All around us, we see giants like Apple announcing $1.7 Billion in European projects or closer to home in Arizona $2 Billion over 10 years on a Data Center in Mesa. Tesla is building a battery plant costing upwards of $4 Billion. I have to admit that I do salivate over working on a project for a client like Apple. Apple, you can call me anytime you want.
The $2 Billion dollar data center is said to have ~150 employees once in operation with many people driving by without any clue really what goes on inside. They are important facilities and do bring large amounts of revenue, but the impact on our immediate daily activities are directly minimal. I suppose they do help our computers and phones search quicker, but just like turning on a light bulb, most of us don’t fully understand how the electricity comes from power station to that bulb.
I have worked on projects costing many millions of $ with large multi-billion dollar companies, so I know the drill. The projects within these large facilities have a factor of speed and complexity which is very exciting. Some are hush hush while others are news worthy. But working on small projects has its complexities and gratification as well. ITS LIKE PLANTING A SEED.
The large projects are like giants taking large steps, but what about those small projects which feel immaterial.
Those small projects are for some, BABY STEPS. They can influence and have huge impacts upon its users and people who pass on by.
THAT’S ONE SMALL STEP FOR A MAN
In a smaller city, building projects may not take up an entire city block or involve Billions of dollars to complete, but those projects have a big impact because metaphorically, that ocean is much smaller and the fish appear only bigger.
Working on historical downtown revitalization projects feel like BABY STEPS. For example, adding a dozen or so trees to a main street in Buckeye feels insignificant to many, but just wait until those trees mature and provide shade and beauty to downtown. We have just planted a seed.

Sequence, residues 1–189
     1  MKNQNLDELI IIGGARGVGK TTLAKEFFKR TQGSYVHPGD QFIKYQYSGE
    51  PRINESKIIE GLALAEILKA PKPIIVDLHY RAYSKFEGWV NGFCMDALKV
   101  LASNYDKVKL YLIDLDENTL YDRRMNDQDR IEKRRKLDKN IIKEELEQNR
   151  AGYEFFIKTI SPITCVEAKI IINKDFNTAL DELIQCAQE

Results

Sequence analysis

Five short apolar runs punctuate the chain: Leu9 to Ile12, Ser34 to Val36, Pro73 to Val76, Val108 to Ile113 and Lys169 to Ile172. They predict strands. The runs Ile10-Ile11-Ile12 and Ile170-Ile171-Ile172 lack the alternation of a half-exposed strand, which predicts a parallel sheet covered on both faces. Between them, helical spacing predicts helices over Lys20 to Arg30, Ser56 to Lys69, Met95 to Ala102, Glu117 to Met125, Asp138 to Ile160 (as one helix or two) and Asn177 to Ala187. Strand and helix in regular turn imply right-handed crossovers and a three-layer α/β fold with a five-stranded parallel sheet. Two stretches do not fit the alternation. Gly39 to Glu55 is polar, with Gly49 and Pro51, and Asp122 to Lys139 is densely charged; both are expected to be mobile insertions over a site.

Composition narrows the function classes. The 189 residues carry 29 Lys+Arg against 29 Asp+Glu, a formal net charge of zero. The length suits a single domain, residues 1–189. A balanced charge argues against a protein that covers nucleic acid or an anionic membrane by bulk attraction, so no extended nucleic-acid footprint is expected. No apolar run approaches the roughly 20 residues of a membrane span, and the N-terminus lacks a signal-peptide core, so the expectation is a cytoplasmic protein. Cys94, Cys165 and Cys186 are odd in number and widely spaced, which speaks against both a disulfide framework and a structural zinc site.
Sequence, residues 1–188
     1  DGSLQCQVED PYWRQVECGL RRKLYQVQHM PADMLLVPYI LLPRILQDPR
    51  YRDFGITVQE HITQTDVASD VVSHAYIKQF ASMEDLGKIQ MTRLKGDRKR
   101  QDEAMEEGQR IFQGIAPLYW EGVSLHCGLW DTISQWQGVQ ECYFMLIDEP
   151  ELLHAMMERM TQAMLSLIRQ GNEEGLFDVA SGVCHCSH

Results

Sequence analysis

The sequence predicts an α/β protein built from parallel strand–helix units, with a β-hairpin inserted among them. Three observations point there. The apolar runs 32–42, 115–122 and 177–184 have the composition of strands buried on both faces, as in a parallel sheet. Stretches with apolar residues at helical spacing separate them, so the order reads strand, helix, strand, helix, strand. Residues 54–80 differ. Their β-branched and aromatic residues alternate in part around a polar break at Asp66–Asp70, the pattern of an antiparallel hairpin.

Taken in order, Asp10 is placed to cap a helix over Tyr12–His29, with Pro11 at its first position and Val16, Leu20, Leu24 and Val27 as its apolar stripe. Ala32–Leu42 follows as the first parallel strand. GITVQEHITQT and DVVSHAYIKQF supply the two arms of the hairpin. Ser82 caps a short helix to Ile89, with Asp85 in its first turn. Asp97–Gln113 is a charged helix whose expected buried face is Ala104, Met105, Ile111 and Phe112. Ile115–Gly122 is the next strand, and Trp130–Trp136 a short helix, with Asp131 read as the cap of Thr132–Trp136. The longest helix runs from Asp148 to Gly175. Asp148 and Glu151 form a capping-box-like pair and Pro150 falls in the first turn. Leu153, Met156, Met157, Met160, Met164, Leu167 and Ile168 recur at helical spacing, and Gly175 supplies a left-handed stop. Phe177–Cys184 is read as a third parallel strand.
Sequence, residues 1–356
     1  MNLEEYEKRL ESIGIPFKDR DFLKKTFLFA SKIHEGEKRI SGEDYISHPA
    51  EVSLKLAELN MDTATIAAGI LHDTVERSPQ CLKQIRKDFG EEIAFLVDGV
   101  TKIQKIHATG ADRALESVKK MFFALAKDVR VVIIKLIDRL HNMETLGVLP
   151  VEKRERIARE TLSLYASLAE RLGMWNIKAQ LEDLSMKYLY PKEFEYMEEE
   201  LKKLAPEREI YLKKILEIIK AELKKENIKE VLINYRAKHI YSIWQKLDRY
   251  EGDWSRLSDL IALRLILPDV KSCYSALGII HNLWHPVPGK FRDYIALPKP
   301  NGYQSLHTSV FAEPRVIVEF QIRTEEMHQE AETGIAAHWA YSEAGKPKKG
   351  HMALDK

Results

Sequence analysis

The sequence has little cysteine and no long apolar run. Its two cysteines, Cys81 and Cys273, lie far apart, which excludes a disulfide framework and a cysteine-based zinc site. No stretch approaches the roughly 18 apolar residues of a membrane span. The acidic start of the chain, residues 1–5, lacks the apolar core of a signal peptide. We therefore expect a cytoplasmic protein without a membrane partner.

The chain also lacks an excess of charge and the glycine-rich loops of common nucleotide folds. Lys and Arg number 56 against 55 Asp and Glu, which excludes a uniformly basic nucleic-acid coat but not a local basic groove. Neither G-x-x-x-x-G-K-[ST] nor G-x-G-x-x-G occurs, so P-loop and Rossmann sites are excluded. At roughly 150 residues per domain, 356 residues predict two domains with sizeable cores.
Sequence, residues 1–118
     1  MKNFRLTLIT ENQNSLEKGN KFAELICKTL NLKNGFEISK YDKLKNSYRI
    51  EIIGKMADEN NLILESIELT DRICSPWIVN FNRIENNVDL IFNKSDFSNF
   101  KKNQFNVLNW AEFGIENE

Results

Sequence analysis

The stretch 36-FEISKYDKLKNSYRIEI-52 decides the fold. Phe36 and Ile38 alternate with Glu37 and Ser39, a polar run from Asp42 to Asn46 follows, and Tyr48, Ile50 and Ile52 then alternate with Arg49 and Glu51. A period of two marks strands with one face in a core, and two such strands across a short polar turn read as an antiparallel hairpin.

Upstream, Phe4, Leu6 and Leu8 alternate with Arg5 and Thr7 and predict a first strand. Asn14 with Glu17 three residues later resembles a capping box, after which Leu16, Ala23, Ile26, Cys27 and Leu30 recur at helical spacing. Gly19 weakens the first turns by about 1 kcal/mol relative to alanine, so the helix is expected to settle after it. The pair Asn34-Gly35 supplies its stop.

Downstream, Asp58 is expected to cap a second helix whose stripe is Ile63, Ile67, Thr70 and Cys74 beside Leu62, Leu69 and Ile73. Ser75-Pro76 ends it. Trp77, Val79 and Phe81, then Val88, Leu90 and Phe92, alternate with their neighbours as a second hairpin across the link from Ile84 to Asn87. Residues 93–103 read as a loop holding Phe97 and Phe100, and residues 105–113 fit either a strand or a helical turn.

We have just planted another seed in Buckeye, the improvement to the facade at the Carniceria Taqueria or the landscape courtyard improvements at Millstone Cafe in Downtown Buckeye. Yes these are small moves in the overall scheme of things, but think of the influences it will have on other business owners to update their properties after they see the success it has brought. The seeds are only beginning to sprout.
Sometimes we all need to take BABY STEPS to get the momentum flowing in the right direction.
On January 1, 2014 the Town of Buckeye in Western Maricopa County became a City. Over a year has come and gone and becoming a City is a big responsibility and the residences in Buckeye are stepping up to the challenge. Late last year, the City of Buckeye provided a Grant (catalyst) to assist business owners to improve its cache of buildings to attract more business.
Buckeye is open for business
We are seeing allot of excitement coming in the near future from the recently awarded projects. We are all Chomping at the bit just like first settlers who must have watched with excitement as the waters flowed down the Buckeye Canal system in 1907.
Serbin Studio’s involvement on the Buckeye Main Street Coalition, we take pride of assisting business owners in many ways. Whether it’s educating others how important it is for your business presence to communicate to the public, whether its your web presence or physical storefront, we have been working on our design muscles.
Downtown Buckeye along Monroe has a collection of historic buildings (OK they aren’t actually on the historic register), but they do have history. Buckeye wants to preserve and improve upon what stock we have. Just like a cowboy trying to stay on the horse a little bit longer, we are all working on improving how we do things.